This is great news, not surprising, but great none the less. It's just that more evidence that Mars was a living, breathing planet, and might still be that way in some limited forms. Or perhaps not even all that limited if life on Mars never went beyond the microscopic form. But I'll get really excited and piss in my pants with giddiness if we learn that the transpermia theory has been confirmed and that life on Earth started on Mars. But that's a long, long way away.

    • Re: (Score:2, Funny)

      by Anonymous Coward

      We escaped from Mars to earth for a simpler life after removing all evidences of technology, as we realized how it was destroying society.
      Or at least that's what people WANT you to believe.

      Xenu clearly used a death ray on the planet in an attempt to get rid of us once, turning it into a dust ball!
      Long live Xenu! Earth is next!

    • Re:Marvelous news (Score:4, Interesting)

      by As_I_Please (471684) on Wednesday July 17, 2013 @02:22AM (#44305863)

      If it were up to me, I'd prefer that Martian life had no relation to life on Earth. Two results from this:

      1) It will give us new information on the kinds of life that can exist (Is it carbon-based? Does it need water?). Similarities add constraints on how life must be; differences remove them.
      2) It will all but prove that life is plentiful in the universe. If life independently emerged twice in the same solar system, then wherever it is possible for life to exist, it will be found.

    • But I'll get really excited and piss in my pants with giddiness if we learn that the transpermia theory has been confirmed and that life on Earth started on Mars.

      What will you do if it's the other way around (life on Mars started on Earth)?

    • by Khyber (864651)

      "It's really quite a simple choice: Life, Death, or Los Angeles."

      Hate to rag on someone's sig but there are worse places than LA that I've lived in...

      If I had lived on Mars, I'd likely say something far worse towards it than anything LA could throw at me.

  • by Trax3001BBS (2368736) on Wednesday July 17, 2013 @12:49AM (#44305587) Homepage Journal

    One would expect a large body of water there. How the Universe Works "Extreme Planets" mentions a theory of Mars
    being hit by an object moving the Northern hemisphere crust to the Sorthern hemisphere.
    http://www.youtube.com/watch?v=N2t2VkDYOfYM#t=12m33 [youtube.com] (12:33 in, link starts there)
    I would assume leaving the Northern side lower as a result.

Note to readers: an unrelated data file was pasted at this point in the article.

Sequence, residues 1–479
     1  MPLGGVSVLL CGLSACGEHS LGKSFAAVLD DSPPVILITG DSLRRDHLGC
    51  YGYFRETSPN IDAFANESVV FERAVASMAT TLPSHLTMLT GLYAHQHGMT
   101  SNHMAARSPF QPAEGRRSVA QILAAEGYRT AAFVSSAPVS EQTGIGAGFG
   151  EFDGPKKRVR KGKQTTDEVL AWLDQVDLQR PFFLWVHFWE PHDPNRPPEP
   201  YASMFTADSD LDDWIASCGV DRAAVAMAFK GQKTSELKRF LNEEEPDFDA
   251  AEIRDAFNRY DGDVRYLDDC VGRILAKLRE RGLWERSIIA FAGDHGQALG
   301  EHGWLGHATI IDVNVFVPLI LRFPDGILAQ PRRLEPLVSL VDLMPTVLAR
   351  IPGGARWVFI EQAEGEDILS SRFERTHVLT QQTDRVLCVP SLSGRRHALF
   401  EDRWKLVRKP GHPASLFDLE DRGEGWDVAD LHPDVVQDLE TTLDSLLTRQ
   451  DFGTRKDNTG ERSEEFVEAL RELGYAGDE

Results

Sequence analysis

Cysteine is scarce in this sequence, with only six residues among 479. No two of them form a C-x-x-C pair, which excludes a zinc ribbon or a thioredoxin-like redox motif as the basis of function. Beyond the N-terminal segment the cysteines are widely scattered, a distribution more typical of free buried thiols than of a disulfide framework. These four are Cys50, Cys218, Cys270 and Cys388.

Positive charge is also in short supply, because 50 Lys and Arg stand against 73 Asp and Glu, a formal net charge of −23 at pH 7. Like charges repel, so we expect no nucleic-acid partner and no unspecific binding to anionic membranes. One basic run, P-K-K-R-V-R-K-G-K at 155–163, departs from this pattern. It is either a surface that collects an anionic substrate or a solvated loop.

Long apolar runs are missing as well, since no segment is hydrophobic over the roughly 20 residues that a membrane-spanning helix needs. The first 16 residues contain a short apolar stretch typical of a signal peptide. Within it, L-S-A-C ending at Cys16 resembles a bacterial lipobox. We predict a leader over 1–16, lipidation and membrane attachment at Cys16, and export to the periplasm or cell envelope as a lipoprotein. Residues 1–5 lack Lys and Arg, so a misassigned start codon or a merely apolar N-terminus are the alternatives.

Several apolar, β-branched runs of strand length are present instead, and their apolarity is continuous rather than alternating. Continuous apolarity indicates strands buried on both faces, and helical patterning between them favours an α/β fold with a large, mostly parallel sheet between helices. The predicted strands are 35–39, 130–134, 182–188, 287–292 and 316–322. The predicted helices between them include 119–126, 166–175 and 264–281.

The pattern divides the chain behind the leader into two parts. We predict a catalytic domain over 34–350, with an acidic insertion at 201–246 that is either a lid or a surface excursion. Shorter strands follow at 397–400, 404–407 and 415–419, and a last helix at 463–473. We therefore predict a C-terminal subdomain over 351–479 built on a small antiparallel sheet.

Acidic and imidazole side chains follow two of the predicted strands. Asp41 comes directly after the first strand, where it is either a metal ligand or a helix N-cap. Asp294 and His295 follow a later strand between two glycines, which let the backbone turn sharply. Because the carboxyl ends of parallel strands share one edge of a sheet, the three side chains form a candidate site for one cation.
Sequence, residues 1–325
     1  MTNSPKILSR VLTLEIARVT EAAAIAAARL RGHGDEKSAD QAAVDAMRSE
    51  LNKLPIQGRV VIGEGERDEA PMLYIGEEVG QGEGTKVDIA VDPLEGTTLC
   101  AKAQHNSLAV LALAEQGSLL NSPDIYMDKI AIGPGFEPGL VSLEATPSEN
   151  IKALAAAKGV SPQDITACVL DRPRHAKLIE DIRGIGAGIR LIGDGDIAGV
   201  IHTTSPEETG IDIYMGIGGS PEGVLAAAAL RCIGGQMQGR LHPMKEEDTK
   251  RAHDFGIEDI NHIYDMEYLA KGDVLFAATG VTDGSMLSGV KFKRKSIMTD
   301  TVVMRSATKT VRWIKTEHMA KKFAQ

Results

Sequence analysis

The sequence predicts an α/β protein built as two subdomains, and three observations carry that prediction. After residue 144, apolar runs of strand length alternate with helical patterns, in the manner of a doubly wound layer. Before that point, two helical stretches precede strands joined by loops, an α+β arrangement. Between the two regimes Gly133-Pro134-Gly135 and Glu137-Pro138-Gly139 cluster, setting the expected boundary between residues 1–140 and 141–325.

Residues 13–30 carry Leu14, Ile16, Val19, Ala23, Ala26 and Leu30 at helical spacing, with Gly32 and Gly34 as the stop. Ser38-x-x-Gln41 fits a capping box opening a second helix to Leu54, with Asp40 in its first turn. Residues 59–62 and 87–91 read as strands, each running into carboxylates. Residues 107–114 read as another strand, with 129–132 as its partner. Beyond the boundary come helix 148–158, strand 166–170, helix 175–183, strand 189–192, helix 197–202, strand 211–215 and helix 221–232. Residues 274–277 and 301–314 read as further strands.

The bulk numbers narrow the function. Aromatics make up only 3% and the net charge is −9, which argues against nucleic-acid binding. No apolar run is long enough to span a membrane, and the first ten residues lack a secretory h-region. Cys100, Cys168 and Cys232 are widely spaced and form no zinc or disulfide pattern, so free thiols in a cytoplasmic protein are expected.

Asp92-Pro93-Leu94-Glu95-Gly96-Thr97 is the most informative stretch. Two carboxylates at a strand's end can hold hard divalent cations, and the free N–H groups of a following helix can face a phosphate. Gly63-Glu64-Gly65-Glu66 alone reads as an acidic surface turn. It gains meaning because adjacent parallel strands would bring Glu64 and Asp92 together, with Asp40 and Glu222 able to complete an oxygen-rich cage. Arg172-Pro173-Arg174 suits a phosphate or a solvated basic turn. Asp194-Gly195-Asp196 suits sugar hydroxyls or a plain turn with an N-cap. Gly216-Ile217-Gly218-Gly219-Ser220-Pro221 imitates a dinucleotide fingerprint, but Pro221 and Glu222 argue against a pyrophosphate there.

• I would assume leaving the Northern side lower as a result.

      Ah duh, rewritten and that was removed, then pasted the draft.

  • That's nice (Score:4, Insightful)

    by TheGoodNamesWereGone (1844118) on Wednesday July 17, 2013 @01:10AM (#44305669)
    No, I'm not kidding. It's really nice. It's the umpteemth conformation that Mars once had water. WE GET IT. MARS ONCE HAD WATER. Boots. Mars. Do it, NASA. This isn't rocket science.
    • Re:That's nice (Score:5, Insightful)

      by Daniel Dvorkin (106857) on Wednesday July 17, 2013 @02:40AM (#44305905) Homepage Journal

      Boots. Mars. Do it, NASA. This isn't rocket science.

      No, unfortunately it's political science.

    • by Anonymous Coward

      No, I'm not kidding. It's really nice. It's the umpteemth conformation that Mars once had water. WE GET IT. MARS ONCE HAD WATER. Boots. Mars. Do it, NASA. This isn't rocket science.

      Are you Cave Johnson? All you are missing is something about banging rocks together and lemons.

  • by Anonymous Coward

    Here's the obligatory XKCD [xkcd.com] reference.

  • Maybe a subsurface probe that drills down where we expect to find liquid water, then to tests there? Maybe just dig a deep hole and test. Hell, set off a bomb if you have to. Our best bets are under the dirt now.

  • by ControlFreal (661231) <niek@bergbo[ ]net ['er.' in gap]> on Wednesday July 17, 2013 @07:11AM (#44306767) Journal
    This is all caused by XKCD [xkcd.com].
  • Sad, but it has really gotten to the 'well, duh' stage.

    We get it NASA. Mars once had lots of surface water. Said water is now probably sub surface, having sunk in as the core cooled. Now go and drill some wells for oil, gas and water.

  • Doesn't it appear that the water would have been flowing upward, away from the lowest point on the lower part of the image. Assuming nothing changed that much since there was water, that seems really odd. It looks like the flowing sediment and stuff avoided the bottom part for no apparent reason. In every delta I've seen on Earth, it doesn't do that.
  • I'm tired of all the "water on Mars" reports. No jar of water, then NO WATER!
  • Where's Helium around that delta?

                mark "and is Dejah Thoris lounging by the Aeolian Riviera?"

Facts are stubborn, but statistics are more pliable.